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Pressure on Afghan government to reach a peac -

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TONY EASTLEY: The leaders of Pakistan and Afghanistan are set to meet in London today as they again try to kick-start peace talks with the Taliban.

Pakistan is regarded as a key backer of the Taliban and its support will be needed in order to get the militants to the bargaining table.

The Afghan president Hamid Karzai is expected to ask his Pakistani counterpart Nawaz Sharif to prevent the Taliban from using Pakistan as a base to launch attacks across the border.

The prospects for success are slim. A similar summit in London earlier this year failed.

This report from South Asia correspondent Michael Edwards.

(Sound of child crying)

MICHAEL EDWARDS: These are the cries of a six-year-old girl being treated for wounds in hospital after a bomb blew up the minivan she was travelling in along a road in eastern Afghanistan. Her family was on its way to a wedding. The governor of Ghazni Province, Qassim Desiwal, says the Taliban is responsible.

QASIM DESIWAL (voiceover): A minibus driving on the road was hit by a roadside bomb, which killed 18 people, including 14 women, three men and one child.

MICHAEL EDWARDS: Dozens of civilians are caught in the crossfire between Afghan security forces and militants every few weeks. It's estimated the Taliban kills at least 400 Afghan soldiers or policemen every month.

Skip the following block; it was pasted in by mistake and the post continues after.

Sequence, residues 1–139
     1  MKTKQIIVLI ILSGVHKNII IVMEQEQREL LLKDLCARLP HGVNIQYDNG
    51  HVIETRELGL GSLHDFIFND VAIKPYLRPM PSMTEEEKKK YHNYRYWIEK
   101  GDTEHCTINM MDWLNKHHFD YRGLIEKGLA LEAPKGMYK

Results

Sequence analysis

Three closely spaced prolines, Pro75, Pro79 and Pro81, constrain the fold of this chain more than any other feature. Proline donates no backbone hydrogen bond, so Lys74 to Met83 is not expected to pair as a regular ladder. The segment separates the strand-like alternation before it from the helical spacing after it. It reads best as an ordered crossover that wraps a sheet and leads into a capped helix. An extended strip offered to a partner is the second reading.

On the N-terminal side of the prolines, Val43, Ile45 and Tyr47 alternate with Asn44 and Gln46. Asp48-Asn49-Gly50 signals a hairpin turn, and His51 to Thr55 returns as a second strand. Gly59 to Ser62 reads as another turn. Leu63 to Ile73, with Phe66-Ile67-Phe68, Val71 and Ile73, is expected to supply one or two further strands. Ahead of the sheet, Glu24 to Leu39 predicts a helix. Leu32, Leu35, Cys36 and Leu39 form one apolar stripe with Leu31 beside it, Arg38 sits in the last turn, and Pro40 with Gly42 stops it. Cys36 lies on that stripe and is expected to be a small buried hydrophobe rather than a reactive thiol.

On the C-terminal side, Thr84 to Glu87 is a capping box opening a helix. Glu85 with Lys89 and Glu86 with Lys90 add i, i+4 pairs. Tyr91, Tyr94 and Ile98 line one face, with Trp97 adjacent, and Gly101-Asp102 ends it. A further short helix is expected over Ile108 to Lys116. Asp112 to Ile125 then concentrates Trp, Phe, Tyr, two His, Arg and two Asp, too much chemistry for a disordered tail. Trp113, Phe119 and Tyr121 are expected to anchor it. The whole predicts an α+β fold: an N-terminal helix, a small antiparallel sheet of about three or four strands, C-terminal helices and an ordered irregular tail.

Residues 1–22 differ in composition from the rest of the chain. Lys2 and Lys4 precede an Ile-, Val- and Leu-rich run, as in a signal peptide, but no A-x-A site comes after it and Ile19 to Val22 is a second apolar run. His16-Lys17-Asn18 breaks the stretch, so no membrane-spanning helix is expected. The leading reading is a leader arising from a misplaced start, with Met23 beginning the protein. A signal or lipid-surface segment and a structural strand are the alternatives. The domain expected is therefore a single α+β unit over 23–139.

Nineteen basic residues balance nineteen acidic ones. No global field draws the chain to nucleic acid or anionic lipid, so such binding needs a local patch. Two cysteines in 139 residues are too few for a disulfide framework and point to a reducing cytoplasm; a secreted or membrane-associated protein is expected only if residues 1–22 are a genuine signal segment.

Afghanistan's president, Hamid Karzai, and the prime minister of Pakistan, Nawaz Sharif, are set to meet in London today to talk peace.

THOMAS RUTTIG: Was the first attempt to get Pakistan and Afghanistan together by the British government to get talks with the Taliban starting.

MICHAEL EDWARDS: That's Thomas Ruttig from the Afghan Analysts Network.

Pakistan is the Taliban's strongest backer - if peace is going to prevail, Pakistan needs to drag the militants to the negotiating table. But Thomas Ruttig isn't confident the latest round of discussions will achieve anything.

THOMAS RUTTIG: There's a regional game going on about influence over Afghanistan, look in Pakistan and Iran and a lot of other regional players and neighbours. And so the Pakistanis, frankly they are calculating in a very sober way. The Taliban are a trump card in that game and I don't see that they give that away.

MICHAEL EDWARDS: And a bid to start peace talks in Qatar earlier this year also failed when the Taliban tried to set up a self-styled embassy in exile. Afghan government sources say president Karzai will use the London summit to demand that Pakistan prevents the Taliban from launching attacks from safe-havens on its side of the border.

The trilateral meeting comes amid the backdrop of strained negotiations between Kabul and Washington over what forces will remain in Afghanistan once the bulk of Western troops leave in 2014.

A sticking point is whether Western soldiers will be exempt from prosecution under Afghan law.

Thomas Ruttig maintains an agreement will be reached on this issue as it's in both countries' best interests.

THOMAS RUTTIG: Well the arrangement is crucial for both sides, both for the US government, also for the Afghan government.

Although the rhetoric from Kabul sometimes points to another direction, they know that they are both dependent on the military aid and all kind of other aid from the US. So actually they cannot afford to throw the Americans out.

MICHAEL EDWARDS: And the pressure on the Afghan government to reach a peace negotiation with the Taliban is rising ahead of next year's presidential elections set for April.

This is Michael Edwards reporting for AM.